For completeness I had to patch the qemu isa-debugcon (Bochs-style debug console) source code to log into the same buffer as the internal qemu debug messages... sometimes bugs require non-conventional approaches to research them. Ideally I would like to have a rewind/record feature in qemu together with the gdb-server emulation, but we are still not there.

ptrace(2) status and plans

Now there is the X86 Debug Register race. Also, the following tests still marked as expected failures:

  • eventmask3
  • resume1
  • signal3, signal5, signal6, signal7, signal8, signal9
  • suspend1, suspend2
  • vfork1

This shows that the remaining major problems are in:

  • vfork(2)
  • signals
  • threads

Once I will squash the X86 Debug Register race, I plan to work on these bugs in this oder: vfork handling bugs, signals and threads.

I have in mind addition of a lot of a lot of tests verifying correct signal processing in traced programs.

In this iteration of ptrace(2) hardening, I plan to skip Machine-Dependent extensions (like AVXv2 registers) and extending core(5) files with additional features (for example we might want to know exact ABI or FPU hardware layout).

Plan for the next milestone

Keep working on the bug reproducible with X86 Debug Registers and switch to the remaining ptrace(2) failures.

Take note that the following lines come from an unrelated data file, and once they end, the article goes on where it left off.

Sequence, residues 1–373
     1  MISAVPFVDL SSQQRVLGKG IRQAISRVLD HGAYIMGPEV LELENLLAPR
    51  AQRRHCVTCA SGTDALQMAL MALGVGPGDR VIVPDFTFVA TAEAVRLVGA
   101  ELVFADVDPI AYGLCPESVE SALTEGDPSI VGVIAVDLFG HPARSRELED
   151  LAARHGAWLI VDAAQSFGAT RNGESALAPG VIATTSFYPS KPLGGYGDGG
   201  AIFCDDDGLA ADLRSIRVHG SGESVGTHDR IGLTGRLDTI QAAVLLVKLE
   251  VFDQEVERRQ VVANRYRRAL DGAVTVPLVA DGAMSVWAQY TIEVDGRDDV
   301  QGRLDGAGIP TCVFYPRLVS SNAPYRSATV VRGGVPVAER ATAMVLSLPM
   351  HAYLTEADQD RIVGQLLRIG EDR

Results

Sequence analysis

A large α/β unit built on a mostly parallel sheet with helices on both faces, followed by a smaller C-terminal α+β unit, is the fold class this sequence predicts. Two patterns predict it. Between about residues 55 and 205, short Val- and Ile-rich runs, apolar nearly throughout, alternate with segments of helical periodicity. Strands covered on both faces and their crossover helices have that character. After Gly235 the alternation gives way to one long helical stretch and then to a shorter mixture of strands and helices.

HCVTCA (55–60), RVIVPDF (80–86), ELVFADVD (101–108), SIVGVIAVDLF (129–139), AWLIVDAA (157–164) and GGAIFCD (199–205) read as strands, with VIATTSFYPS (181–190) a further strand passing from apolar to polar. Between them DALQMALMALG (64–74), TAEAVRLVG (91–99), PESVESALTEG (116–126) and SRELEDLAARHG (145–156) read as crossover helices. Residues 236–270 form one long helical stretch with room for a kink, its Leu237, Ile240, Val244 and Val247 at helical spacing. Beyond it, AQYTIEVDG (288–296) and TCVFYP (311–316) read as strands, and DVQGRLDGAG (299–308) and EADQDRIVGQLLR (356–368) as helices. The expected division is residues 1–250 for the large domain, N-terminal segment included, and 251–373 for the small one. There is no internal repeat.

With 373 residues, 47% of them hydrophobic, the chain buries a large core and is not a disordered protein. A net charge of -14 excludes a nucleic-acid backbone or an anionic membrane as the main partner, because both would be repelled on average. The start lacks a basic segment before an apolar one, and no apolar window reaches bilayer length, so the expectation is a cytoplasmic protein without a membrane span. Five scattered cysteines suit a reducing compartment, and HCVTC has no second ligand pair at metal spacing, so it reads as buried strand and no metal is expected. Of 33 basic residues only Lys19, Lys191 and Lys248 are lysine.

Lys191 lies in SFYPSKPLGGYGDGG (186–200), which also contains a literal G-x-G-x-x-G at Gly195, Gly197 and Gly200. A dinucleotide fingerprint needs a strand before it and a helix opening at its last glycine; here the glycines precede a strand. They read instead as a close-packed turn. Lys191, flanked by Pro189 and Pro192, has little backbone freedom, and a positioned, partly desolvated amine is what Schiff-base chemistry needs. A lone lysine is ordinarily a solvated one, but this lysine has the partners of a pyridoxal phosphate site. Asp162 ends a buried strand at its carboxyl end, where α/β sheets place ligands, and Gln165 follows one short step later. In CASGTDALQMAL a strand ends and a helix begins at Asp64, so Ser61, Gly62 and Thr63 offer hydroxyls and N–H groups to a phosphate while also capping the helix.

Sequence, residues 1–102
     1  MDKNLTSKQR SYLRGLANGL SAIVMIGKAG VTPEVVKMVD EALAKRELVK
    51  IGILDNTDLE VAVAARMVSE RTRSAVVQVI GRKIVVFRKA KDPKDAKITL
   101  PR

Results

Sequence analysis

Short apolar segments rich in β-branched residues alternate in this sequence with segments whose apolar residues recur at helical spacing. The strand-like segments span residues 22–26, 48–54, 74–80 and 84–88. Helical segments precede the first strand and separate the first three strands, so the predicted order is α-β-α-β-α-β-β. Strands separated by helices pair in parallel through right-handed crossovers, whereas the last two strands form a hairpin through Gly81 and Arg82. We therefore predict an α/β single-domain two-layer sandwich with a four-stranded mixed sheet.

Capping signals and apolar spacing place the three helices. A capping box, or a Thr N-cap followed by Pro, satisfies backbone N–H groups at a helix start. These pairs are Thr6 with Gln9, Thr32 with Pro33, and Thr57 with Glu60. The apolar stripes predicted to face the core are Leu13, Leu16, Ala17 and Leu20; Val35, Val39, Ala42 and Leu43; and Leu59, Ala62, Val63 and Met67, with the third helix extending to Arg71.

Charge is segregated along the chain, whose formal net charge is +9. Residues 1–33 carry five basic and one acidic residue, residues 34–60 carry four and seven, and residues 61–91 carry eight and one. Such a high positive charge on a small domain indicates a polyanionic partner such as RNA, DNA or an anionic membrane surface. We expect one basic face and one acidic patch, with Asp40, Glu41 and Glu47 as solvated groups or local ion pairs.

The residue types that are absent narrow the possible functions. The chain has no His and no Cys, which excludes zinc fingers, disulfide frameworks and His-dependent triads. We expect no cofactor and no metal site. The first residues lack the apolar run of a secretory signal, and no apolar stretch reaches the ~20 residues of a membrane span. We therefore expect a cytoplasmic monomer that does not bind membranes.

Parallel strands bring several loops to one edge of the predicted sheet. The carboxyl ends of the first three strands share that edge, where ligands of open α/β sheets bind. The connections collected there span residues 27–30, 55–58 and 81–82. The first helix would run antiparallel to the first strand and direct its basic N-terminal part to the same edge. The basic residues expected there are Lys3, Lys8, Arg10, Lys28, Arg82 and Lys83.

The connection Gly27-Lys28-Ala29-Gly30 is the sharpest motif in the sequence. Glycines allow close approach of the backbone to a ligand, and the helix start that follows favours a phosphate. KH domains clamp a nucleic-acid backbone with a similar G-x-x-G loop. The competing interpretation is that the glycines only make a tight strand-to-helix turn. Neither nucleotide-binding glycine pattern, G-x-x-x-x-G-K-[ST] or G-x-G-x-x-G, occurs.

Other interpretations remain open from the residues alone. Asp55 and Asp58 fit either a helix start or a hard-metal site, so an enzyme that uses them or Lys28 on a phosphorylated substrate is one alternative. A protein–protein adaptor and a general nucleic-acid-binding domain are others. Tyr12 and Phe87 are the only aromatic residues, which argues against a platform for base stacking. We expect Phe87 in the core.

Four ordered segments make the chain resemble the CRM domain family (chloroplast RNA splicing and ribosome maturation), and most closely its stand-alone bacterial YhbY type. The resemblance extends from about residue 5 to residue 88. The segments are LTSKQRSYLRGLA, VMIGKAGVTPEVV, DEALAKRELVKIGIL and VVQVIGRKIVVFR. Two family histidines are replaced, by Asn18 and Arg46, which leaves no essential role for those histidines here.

This work was sponsored by The NetBSD Foundation.

The NetBSD Foundation is a non-profit organization and welcomes any donations to help us continue funding projects and services to the open-source community. Please consider visiting the following URL, and chip in what you can:

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Posted late Sunday night, April 2nd, 2018 Tags:

The NetBSD Project is pleased to announce NetBSD 8.0 RC 1, the first release candidate for the upcoming NetBSD 8.0 release.

25 years and a few days after the first official NetBSD release (NetBSD 0.8 on April 19, 1993) we are now quickly approaching the first final release from the netbsd-8 branch that has been in the work for more most of a year now.

The official RC1 announcement list these major changes compared to older releases:

  • USB stack rework, USB3 support added
  • In-kernel audio mixer
  • Reproducible builds
  • PaX MPROTECT (W^X) memory protection enforced by default on some architectures with fine-grained memory protection and suitable ELF formats: i386, amd64, evbarm, landisk, pmax